Bet sizing is one of those aspects of online poker that we’re obviously fully aware of, and to some extent think about, yet it doesn’t go any further than that. We like to believe that we have a good idea about betting generally (we’ll typically bet hundreds of times in a single session), so see no point in ‘wasting’ time on the topic away from the tables. What’s so complicated, anyway? Surely, if we have a strong hand against a lone opponent, for example, then it’s a no-brainer – we’ll throw in a chunk of chips.
If this is the kind of approach you have, then you’re going about the game in totally the wrong way. Nothing in online poker is so simplistic that it doesn’t require us to properly contemplate and invest time on. It’s clearly preferable to plan ahead in order to avoid arriving at incorrect decisions in the limited time we have at the table.
Pre-flop Bet Sizing
Let’s start at the beginning, and consider the very first bet we’ll make in a hand, namely pre-flop. Many players – especially those new to the game – simply get bet sizing wrong which, given such initial mistakes make the rest of the hand increasingly difficult to play, is a serious problem. Moreover, because online poker affords us the possibility of playing so many hands, we absolutely want to avoid needlessly repeating the same errors.
In poker, as in life, we should try to find balance, a happy medium, but this old adage seems to go ignored by inexperienced players who, too pre-occupied with the absolute values of their starting hands, tend to erroneously bet way more than they should, or not enough. If we notice opponents doing this, then it’s reasonable to assume that they’re either lacking in experience, or lacking in poker wisdom. If we do this ourselves, then it’s time to put in some pre-planning and aforethought regarding this part of the game…
Every bet should have a purpose – we should not put a single chip into the pot without first having formulated some kind of plan, however simple, and we need to have this as a mantra (along with all the others!), constantly running in the background. As far as pre-flop play goes, this would help us avoid automatically (or lazily, carelessly…) entering into hands that factors such as our cards and position, for example, strongly indicate we should steer clear of.
Assuming we have a good hand, in an ideal world we want our bet to price out those players who could have any kind of holding and who are hoping to see the Flop for peanuts, while at the same time not scaring away someone who’s tempted to get involved with a decent hand, and whose chips we would like to see added to our stack. Betting too lightly would invite everyone to come along for the ride, which is bad news as we’d be in the dark, with too many variables (unfavourable possibilities) – indeed this situation is the complete opposite of what we want. Betting too big, on the other hand, might very well achieve one of our objectives in forcing out the bargain basement gang, but it would most likely scare off our intended target, too, because we’d be telegraphing the strength of our starting hand. ‘Isolating’ is one thing, reducing the field to just ourselves, thus wasting the earning potential of a strong hand, is quite another!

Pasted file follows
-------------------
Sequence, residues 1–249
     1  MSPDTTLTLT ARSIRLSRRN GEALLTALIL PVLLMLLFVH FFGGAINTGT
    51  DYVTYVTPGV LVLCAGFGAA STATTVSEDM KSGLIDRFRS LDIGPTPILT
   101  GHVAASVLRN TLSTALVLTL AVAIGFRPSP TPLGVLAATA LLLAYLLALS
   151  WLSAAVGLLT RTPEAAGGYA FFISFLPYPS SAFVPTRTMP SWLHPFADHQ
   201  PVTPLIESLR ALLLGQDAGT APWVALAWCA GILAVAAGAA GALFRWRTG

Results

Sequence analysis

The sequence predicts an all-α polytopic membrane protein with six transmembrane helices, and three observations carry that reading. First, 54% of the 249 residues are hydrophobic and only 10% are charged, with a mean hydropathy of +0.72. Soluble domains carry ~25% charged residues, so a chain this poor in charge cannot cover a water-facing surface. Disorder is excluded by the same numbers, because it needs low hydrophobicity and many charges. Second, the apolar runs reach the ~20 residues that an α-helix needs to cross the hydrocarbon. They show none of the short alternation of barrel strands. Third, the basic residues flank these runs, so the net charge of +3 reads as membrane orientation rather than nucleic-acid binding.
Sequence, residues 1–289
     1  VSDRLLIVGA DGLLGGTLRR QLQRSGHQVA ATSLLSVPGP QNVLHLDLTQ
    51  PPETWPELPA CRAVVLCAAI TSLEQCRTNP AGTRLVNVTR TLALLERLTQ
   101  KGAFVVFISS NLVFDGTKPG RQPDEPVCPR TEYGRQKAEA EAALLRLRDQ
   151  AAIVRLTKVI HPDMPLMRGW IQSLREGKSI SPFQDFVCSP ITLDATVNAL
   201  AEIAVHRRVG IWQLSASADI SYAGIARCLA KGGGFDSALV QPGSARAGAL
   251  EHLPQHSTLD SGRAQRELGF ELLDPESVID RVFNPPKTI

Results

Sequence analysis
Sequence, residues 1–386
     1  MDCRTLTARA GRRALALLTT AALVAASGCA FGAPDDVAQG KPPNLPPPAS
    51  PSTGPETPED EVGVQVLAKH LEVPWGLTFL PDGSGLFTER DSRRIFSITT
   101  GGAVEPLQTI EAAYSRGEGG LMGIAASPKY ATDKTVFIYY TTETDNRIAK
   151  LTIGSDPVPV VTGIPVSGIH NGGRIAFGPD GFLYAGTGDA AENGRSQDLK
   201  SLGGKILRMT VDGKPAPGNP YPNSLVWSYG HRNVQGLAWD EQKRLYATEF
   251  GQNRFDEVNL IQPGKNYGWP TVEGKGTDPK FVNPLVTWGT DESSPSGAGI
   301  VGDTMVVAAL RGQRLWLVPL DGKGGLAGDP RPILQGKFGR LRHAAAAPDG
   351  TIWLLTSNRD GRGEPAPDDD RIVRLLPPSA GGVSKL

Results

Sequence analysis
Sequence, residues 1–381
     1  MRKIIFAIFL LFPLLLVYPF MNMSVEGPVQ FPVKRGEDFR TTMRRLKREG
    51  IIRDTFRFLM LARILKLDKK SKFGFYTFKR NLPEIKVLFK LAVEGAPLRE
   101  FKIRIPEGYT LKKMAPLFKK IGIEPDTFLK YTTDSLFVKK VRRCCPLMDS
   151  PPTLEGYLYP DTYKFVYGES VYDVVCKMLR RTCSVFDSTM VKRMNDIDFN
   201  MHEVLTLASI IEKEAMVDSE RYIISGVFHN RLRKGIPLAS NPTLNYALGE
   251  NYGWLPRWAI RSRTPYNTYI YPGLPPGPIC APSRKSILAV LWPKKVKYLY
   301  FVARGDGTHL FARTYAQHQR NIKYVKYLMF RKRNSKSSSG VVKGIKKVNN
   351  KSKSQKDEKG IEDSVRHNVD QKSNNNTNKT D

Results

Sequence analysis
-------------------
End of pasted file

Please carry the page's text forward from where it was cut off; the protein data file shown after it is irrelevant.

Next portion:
So, we need to find a bet size that best suits and, as a starting point, a reasonable ‘standard’ raise pre-flop is three times the Big Blind, with an additional BB’s worth for each of any limpers who have expressed (even this modest) interest in joining the fun.
Here’s how it would pan out in a cash game with blinds of $0.10/$0.20, for example. Our standard raise here would be to $0.60 (3 x $0.20), but if two players had already limped in, then we should raise to $1 (being 3 x $0.20 + 2 x $0.20 to cover the limpers).
Note that while this is conventionally accepted as standard, it’s not written in stone. In fact, it’s not uncommon in tournaments to adjust this from 3x to 2.5x, the point being that it tends to achieve the same objective but with fewer chips. This might seem unimportant, but as a tournament progresses and the blinds increase, so does the fluid value of chips.
Finally, poker isn’t an exact science and, as such, requires a level of flexibility and adaptability if we’re going to be able to get the better of our opponents. Sometimes various factors will combine to render 2.5x or 3x BB bets too little to get the job done, in which case we need to adjust accordingly. As players come and go and other aspects of the game change, we might again need to change tack. With experience, doing so gets easier, as we more naturally recognise which factors (and their potential implications) to consider.
Bet sizing is a key part of the game, and while it’s not always going to be automatic, knowing what not to do, and what we’re aiming to achieve, is already going to make a significant difference.